It is tempting to state that philosophy loses its powers in Africa unless it resorts to the language of pathology, that is, at least, a certain understanding of philosophy, which paradoxically, Wiredu is able to employ in his project of conceptual decolonisation. However, what I have pointed out are the limitations of acquiring and maintaining a liberated voice within that fraught conceptual milieu. At best, that constrained voice constitutes a disruption within “normal” universal philosophical momentum. But essentially, what we require more than ever is a complete transformation of the conceptual apparatus so that we are able to embrace more fully our essential realities rather than being alienated and stymied by them at a fundamental conceptual level.

The disruption caused by Wiredu’s insertion of an African presence in philosophy foreshadows a crucial logical progression, one that demands that philosophy must turn against itself in order to be representative of an African cosmology. There has got to be a more inspiring way to capture myriad sounds, languages, voices, dialects and tropical colours that characterise African existence. Instead, under the structures of analytical philosophy (and other similar traditions), what we see is a retreat by philosophy from this reality. By doing so, it disqualifies itself as a medium of expression for non-Western experiences and instead launches an offensive by labeling everything African as barbaric, or at best, unformed, non-descript and unnameable. Being a philosopher of the proper sense of word, Wiredu obviously despaired of the possibility in effecting a negation of philosophy. What isn’t clear is whether he read philosophy’s limitations in the manner described in this brief article. But even if he senses its fundamental limitations, he never quite attempts to transcend them in a radical manner.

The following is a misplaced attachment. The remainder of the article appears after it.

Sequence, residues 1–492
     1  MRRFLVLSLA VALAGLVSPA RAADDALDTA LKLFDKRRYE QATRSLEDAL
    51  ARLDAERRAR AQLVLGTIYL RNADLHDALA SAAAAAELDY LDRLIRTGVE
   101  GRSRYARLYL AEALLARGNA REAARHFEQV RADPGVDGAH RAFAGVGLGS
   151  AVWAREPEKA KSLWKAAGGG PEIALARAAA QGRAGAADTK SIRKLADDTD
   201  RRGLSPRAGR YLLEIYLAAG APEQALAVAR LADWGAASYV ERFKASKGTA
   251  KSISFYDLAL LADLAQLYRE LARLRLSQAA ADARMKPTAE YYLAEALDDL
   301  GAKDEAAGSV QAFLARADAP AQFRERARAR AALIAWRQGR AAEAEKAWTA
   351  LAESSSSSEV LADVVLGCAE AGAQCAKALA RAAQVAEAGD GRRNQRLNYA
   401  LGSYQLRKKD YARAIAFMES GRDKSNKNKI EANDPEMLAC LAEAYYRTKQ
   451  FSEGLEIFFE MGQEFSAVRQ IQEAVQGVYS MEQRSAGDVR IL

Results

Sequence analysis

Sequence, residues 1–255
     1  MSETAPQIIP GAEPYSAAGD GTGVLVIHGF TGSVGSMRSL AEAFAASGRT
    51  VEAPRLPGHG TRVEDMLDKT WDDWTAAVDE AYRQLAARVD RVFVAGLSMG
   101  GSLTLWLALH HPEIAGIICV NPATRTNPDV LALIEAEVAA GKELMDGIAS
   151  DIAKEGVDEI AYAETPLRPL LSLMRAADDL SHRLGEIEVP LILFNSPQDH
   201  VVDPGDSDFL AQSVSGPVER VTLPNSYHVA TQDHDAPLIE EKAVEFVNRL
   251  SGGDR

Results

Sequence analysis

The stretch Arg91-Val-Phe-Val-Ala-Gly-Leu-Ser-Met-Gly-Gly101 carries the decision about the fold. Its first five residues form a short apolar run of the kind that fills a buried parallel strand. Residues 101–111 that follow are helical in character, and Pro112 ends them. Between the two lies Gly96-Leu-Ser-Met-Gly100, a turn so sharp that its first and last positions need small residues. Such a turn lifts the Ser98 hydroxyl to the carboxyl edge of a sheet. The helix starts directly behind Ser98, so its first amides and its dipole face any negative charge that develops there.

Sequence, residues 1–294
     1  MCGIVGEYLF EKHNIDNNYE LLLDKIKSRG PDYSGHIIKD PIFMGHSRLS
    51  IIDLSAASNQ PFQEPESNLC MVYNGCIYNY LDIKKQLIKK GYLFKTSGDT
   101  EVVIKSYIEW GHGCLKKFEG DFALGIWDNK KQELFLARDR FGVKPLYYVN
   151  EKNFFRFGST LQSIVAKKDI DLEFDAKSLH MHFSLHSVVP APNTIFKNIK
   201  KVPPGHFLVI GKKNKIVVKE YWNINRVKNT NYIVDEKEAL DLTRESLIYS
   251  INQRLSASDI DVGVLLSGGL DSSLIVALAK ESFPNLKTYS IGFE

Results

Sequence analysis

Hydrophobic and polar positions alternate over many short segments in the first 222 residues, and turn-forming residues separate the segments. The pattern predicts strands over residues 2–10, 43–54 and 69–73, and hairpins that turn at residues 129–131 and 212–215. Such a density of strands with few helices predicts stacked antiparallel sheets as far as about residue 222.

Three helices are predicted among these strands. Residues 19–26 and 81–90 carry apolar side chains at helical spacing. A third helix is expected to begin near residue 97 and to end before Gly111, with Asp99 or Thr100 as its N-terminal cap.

Afrocentricity, on the other hand, attempts a total re-fabrication of the entire conceptual apparatus dealing with the African subject as an experiential and philosophical being. This wide-ranging operation works at many levels in the following ways: a re-consideration of the question of African historiography; a re-evaluation of the place of the African subject in history; a thorough-going re-positioning and realignment of the discipline of philosophy incorporating its pre-Athenian locus and orientation in order to transcend the bounds of philosophy itself in its contemporary form.

Essentially, this kind of operation constitutes a considerable advancement on Wiredu’s project of conceptual decolonisation. In this manner, the haunting occasioned by deep loss, collective psychic disequilibrium and severance, and a psychological misalignment with a superimposed cultural order are downplayed for more vigorous engagement with the internal momentum of pre-colonial African history. The point, is, how do we deal with traumas of loss without the usual recourse to collective amnesia? Afrocentricity suggests that this is wholly possible. Wiredu’s project of conceptual decolonisation appears to be lacking the psychological resources to cope with the traumas of loss and the unremitting despair caused by the diminution or even erasure of identity, and so in establishing a conversation between tradition and modernity, the African subject still has to avail him/herself of lush means to deal with chronic agonies of cultural disconnect that are in turn provided by Afrocentricity and its multi-pronged approaches to cultural reconstruction on a massive scale.